The Field

The Field

There’s a field, said Rumi, outside all ideas of right-doing and wrong-doing. I’ll meet you there. I wonder about that field so different from the one we live in most of the time—a field we are constantly creating with our thoughts, words and actions. Yet beneath that seemingly solid field lies another one—a pre-existing field not made by human hands. Spun of the very breath of God—spun so finely it is invisible to the outer senses. Only the heart can sense it. Over this gossamer field, the divine breath created the world of nature as a gateway and gave us inner senses to mirror the outer—to apprehend it.

Just now, I’m sitting on a rock in the middle of a dry creek bed. I think I’m present, but my mind is playing with ideas about being present. Suddenly, through grace, the invisible world breaks through to me. I’m still sitting on the rock but now the breeze has come and gathered the leaves and branches of the great sycamores in its arms, and scooped me up and delivered me into the treetops. My being has been stretched and expanded.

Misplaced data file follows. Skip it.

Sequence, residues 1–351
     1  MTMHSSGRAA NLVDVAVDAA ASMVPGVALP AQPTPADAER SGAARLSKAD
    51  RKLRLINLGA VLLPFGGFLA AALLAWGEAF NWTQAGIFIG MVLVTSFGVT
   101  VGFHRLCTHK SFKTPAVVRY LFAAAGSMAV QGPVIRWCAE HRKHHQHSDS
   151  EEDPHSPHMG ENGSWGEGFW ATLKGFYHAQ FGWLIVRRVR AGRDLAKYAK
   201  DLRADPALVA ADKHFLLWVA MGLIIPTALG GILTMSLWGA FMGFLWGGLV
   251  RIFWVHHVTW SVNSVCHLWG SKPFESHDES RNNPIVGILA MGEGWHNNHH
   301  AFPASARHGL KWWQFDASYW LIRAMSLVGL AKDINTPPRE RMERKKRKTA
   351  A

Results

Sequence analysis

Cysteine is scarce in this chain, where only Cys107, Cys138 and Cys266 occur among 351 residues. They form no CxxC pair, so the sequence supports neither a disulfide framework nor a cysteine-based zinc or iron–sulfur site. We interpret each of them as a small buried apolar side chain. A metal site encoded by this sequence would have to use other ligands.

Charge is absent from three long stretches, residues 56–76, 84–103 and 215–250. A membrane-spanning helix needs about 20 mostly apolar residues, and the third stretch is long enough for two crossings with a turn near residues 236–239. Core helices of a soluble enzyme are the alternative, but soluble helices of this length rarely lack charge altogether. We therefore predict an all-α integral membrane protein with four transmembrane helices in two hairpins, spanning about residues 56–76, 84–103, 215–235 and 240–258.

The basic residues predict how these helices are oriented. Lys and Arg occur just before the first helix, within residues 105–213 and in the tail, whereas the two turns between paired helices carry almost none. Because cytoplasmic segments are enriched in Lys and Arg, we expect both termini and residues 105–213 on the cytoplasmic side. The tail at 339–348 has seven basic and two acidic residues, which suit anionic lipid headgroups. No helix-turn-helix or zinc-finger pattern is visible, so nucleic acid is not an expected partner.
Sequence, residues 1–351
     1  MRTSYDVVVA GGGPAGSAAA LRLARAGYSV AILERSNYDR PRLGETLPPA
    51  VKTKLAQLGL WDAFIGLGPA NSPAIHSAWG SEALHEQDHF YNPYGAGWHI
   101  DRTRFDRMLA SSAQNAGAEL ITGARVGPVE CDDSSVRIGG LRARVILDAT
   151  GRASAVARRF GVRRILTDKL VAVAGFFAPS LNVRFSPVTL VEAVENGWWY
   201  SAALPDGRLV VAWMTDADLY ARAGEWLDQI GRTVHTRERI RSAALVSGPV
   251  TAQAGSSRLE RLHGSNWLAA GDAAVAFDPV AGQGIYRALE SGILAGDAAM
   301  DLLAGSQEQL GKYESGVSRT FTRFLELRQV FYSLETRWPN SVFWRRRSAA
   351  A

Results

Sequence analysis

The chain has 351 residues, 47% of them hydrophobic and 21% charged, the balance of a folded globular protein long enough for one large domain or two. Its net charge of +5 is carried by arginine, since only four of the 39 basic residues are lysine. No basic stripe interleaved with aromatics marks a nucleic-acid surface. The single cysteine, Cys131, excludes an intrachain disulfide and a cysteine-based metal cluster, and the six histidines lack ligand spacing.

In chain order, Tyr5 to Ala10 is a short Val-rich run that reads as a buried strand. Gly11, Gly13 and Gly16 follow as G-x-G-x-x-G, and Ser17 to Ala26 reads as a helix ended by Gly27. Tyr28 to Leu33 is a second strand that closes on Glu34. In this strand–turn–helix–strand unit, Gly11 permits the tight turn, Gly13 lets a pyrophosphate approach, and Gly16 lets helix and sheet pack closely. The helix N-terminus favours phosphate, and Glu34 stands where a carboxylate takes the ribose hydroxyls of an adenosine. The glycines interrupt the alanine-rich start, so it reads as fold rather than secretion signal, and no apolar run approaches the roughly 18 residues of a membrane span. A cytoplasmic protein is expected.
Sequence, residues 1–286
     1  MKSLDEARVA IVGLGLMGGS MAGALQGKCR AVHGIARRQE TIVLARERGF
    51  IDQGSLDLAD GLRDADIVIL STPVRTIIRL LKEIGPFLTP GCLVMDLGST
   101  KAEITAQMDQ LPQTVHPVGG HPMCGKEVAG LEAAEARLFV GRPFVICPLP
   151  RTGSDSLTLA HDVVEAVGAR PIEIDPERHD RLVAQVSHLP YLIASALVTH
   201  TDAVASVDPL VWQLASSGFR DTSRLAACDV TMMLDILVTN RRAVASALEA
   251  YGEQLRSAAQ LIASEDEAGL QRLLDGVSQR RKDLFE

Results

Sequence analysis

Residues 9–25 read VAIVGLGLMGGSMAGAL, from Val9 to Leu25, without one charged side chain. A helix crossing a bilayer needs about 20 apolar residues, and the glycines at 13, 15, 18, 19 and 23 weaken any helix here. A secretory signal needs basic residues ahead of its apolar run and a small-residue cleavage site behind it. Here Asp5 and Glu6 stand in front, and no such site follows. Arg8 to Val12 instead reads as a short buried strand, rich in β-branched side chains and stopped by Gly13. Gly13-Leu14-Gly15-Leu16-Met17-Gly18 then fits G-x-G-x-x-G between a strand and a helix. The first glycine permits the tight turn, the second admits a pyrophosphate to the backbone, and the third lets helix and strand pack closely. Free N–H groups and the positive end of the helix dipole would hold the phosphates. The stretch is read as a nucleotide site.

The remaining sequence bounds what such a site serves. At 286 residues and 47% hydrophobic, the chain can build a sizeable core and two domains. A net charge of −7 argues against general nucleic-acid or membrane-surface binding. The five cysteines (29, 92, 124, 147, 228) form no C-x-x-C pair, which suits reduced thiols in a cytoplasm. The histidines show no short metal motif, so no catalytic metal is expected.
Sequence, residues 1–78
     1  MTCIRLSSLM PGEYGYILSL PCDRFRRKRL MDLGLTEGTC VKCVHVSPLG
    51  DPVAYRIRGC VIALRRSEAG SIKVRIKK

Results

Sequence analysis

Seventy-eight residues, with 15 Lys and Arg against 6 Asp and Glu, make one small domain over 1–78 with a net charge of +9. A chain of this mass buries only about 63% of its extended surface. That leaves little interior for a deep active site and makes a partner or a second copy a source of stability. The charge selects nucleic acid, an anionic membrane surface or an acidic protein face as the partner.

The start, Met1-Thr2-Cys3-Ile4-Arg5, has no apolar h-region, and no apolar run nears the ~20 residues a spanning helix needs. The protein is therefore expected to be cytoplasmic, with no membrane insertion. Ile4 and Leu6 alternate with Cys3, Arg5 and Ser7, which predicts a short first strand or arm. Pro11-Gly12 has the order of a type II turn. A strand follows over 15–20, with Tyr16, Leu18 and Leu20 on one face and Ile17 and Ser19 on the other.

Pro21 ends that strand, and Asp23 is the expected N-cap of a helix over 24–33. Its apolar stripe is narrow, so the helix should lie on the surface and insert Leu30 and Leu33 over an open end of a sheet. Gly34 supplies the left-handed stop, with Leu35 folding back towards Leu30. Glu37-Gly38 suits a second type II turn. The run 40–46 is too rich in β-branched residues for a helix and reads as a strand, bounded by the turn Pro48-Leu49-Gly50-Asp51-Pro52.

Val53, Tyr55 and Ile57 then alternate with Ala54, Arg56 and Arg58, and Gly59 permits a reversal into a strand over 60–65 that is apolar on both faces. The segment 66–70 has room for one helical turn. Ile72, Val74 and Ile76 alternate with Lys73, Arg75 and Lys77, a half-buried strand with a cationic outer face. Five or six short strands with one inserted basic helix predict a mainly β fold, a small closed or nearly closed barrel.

Clouds float by, observing my body still sitting on the rock—the rest of me already merged with this invisible field that is inseparable from everything.  I have risen out of the core of my being and flowed into this field where there’s no judging, no comparing, no criticizing. Here there is only beauty flowing into beauty. I feel that I am a body participating in a greater body—the body of the universe that is not some distant place, but exactly here. The universe is a body flowing into my body and out into the field of beingness that holds me, that holds everything. For a few moments, I am completely naked. I experience the harmony of the universe, here on this rock, in this creek bed, listening to the wind in the sycamores. And for a moment, the people and animals who pass through this field in front of me are part of the field, and because we are naked, kindness flows between us. This is the field Rumi wrote about—the field outside all ideas of right-doing and wrong-doing. I’ll meet you there.

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Meditation and the Wondrous Cell—Healing Self and World

Cell Level Meditation by Patricia Kay and Barry Grundland is an important book to hold in our hands during these times of crisis. The wisdom about Health contained within this small book is vast. The fundamental message that the health of the body depends upon the health of the individual cell is no surprise to those who pay attention to such things. What is surprising is the delightfully simple way Kay tells the story of the cell and its magnitudes of potentiality. Healing, she tells us, may be as simple as learning how to feel, relate to, and communicate with this tiniest unit of life—the wondrous cell!